Finally, if the presbytery approves of a man with views you as a presbyter believe to strike at the vitals of religion, you have a few options. In the first place, you might defer your judgment to the body as a whole. It may be that you are mistaken, and that if there is sufficient doubt and you trust your brothers, this may be where you leave the matter. However, if conscience does not allow this, you may file a complaint over this action of presbytery (see the procedures for a complaint in BCO 43).
Knowing the various stages at which error can be caught and addressed (either by private counsel like Apollos with Priscilla and Aquila or by failure to pass examination for approval at some point in the process) should be a reassuring thing for congregations which end up with a presbytery-approved pastor. However, no process has virtue in itself. No matter how orderly or reliable a process is, it is functionally useless unless it is manned by faithful churchmen. Pray when your presbytery meets – especially to examine new teaching elders – that it will be populated by godly and faithful churchmen.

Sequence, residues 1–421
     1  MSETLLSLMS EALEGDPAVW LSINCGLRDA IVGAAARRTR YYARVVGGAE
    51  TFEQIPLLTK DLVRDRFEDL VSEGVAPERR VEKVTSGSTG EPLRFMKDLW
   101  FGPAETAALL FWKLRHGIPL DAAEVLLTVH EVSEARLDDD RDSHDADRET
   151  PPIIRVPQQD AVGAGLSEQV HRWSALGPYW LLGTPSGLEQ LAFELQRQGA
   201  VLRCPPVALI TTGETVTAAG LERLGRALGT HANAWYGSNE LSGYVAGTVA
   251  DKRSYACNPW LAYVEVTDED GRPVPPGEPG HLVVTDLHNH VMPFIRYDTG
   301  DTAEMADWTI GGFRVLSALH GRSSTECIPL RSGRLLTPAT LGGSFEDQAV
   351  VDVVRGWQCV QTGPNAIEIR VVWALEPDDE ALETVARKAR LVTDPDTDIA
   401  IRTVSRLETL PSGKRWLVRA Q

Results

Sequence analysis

*See his article “What Is Meant by Adopting the Westminster Confession?” originally published in the Princeton Review (July 1867), and subsequently republished as Appendix II in A. A. Hodge’s book, The Confession of Faith (1869; republished today by the Banner of Truth). It is also available online here at Monergism.com.
Jared Nelson is a PCA Teaching Elder serving as Pastor of New Life Presbyterian Church in Hopewell Township, PA.